Talent Days Offer Every Child a Chance to Shine
Come to Talent Days at our school and you’ll see children sharing a kaleidoscope of skills and interests—doing magic, photography, cooking, writing, gymnastics; training pets; and singing or playing instruments. No matter what the sharing, though, an audience of classmates, teachers, parents, and others invited by the children offers enthusiastic support and appreciation.
This annual spring celebration takes place in the music classroom, but it’s designed to allow all students to be recognized, whether their special interest is in music or some other area. Even those children who choose not to share play an important role as respectful audience members.
Each class has its own Talent Day. By early spring, the children have gotten to know each other well and the music room has become a comfortable, safe-feeling environment. Students can choose to do their three-minute presentation solo or with one or two classmates, a parent or other family member, or an adult who instructs them in their special skill. Skills that can’t be presented in the classroom (cooking, roller skating) are shared via video or photographs.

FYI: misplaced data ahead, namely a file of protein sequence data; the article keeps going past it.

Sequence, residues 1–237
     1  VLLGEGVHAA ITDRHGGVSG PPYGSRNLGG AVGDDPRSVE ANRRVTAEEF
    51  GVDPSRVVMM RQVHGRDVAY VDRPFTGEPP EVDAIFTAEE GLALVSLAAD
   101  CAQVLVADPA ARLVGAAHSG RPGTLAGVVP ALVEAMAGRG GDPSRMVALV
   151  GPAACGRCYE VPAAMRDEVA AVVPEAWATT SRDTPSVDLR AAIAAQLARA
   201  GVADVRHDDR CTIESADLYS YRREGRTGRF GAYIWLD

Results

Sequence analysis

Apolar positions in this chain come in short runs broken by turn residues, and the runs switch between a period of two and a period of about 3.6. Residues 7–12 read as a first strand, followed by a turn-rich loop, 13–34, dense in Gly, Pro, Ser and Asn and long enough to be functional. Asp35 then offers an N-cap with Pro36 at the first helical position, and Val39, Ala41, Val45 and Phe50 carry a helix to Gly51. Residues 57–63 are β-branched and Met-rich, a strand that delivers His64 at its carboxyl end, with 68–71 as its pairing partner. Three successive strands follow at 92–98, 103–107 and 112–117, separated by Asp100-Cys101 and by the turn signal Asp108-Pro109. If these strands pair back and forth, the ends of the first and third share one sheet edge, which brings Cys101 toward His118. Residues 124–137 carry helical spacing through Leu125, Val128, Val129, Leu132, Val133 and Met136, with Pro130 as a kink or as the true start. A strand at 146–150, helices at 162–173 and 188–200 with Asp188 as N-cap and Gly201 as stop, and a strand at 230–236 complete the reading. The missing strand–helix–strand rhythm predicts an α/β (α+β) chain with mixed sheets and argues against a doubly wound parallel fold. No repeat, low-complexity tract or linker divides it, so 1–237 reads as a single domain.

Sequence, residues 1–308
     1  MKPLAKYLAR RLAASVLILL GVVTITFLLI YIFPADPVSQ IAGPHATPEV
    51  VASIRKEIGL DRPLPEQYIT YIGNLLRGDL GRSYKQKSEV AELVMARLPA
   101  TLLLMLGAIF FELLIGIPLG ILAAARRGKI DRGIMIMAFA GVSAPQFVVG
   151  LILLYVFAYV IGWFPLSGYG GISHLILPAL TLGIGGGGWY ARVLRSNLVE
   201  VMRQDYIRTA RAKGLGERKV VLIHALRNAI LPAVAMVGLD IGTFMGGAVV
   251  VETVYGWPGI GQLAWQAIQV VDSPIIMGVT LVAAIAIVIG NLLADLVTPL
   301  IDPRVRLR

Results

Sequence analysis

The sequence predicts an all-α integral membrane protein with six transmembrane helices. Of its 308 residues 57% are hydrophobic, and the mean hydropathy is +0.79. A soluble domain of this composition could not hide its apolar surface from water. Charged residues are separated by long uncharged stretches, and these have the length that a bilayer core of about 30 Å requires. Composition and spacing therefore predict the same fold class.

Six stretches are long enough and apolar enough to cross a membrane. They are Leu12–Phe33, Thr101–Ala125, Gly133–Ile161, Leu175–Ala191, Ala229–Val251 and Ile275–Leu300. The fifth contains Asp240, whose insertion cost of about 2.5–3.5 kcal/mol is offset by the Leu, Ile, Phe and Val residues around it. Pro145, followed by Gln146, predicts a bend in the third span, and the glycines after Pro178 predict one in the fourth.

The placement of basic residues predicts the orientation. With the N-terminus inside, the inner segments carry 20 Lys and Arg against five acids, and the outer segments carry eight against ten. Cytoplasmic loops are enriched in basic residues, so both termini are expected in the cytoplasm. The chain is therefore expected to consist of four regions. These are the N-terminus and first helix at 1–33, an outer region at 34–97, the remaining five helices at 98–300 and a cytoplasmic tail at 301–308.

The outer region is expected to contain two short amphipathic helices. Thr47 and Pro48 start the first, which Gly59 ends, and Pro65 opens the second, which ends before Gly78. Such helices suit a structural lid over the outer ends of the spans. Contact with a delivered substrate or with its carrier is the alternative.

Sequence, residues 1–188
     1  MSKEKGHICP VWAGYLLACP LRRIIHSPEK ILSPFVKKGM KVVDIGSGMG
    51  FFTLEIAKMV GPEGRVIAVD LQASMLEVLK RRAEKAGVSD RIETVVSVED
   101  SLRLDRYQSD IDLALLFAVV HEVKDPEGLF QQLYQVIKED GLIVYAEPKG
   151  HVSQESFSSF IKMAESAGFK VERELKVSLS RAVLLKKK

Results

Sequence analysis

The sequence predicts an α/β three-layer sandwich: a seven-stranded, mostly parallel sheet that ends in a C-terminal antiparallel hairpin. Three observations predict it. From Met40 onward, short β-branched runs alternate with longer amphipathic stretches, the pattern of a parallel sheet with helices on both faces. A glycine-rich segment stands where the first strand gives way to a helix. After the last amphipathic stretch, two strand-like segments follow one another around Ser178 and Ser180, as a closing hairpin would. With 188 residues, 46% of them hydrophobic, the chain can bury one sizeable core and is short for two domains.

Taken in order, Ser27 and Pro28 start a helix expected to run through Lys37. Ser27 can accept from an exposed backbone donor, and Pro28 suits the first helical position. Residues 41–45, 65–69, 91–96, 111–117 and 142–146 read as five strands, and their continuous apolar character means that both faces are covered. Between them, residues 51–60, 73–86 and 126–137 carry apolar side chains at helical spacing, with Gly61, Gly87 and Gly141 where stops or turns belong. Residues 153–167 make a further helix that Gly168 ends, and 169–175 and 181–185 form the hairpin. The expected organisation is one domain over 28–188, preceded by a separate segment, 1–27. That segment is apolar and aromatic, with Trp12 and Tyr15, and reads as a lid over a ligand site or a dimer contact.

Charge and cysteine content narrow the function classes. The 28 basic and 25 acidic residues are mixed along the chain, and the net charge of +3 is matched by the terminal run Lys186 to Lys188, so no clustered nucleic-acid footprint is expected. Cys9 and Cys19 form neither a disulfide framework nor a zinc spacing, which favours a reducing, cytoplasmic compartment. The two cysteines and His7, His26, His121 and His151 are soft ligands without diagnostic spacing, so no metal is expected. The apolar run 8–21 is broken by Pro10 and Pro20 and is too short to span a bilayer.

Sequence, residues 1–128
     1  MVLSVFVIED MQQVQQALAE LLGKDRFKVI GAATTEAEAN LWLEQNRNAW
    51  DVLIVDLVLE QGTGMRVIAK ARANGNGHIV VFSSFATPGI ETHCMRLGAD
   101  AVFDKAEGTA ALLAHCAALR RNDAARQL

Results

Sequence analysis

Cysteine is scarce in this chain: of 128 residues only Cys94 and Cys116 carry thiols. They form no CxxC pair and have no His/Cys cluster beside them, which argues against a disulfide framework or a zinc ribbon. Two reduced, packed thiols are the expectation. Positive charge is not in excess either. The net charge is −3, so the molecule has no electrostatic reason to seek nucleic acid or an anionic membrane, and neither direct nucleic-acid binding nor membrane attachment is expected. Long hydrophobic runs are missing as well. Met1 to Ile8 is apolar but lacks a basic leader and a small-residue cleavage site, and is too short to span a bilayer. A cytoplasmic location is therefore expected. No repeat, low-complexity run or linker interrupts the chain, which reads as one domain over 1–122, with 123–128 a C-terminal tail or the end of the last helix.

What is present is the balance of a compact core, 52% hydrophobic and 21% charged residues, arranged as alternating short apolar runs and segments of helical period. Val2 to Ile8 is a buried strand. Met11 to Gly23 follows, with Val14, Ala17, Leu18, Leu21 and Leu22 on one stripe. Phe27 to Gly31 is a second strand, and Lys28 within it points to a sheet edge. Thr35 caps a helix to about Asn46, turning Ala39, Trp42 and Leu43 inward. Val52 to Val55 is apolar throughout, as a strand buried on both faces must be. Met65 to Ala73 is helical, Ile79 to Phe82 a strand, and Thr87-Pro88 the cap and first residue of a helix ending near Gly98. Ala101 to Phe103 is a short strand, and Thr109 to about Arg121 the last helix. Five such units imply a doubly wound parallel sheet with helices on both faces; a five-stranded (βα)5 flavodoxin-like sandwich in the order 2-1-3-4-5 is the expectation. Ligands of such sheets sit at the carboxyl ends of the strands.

Over the years, I’ve seen children benefit in many ways from their Talent Day experiences. Not long ago, a very quiet, new-to-the-school child was having trouble finding a place in her fourth grade class. On Talent Day, she shared her brown-belt karate techniques, and the other children began to appreciate something that was important to their new classmate. To me, that’s the best part of Talent Days: giving children who have been stumbling a chance to shine.
Doni Princehorn teaches music to kindergartners through fourth graders at the University School of Nashville in Tennessee.Tags: Building Schoolwide Community, Whole-school meetings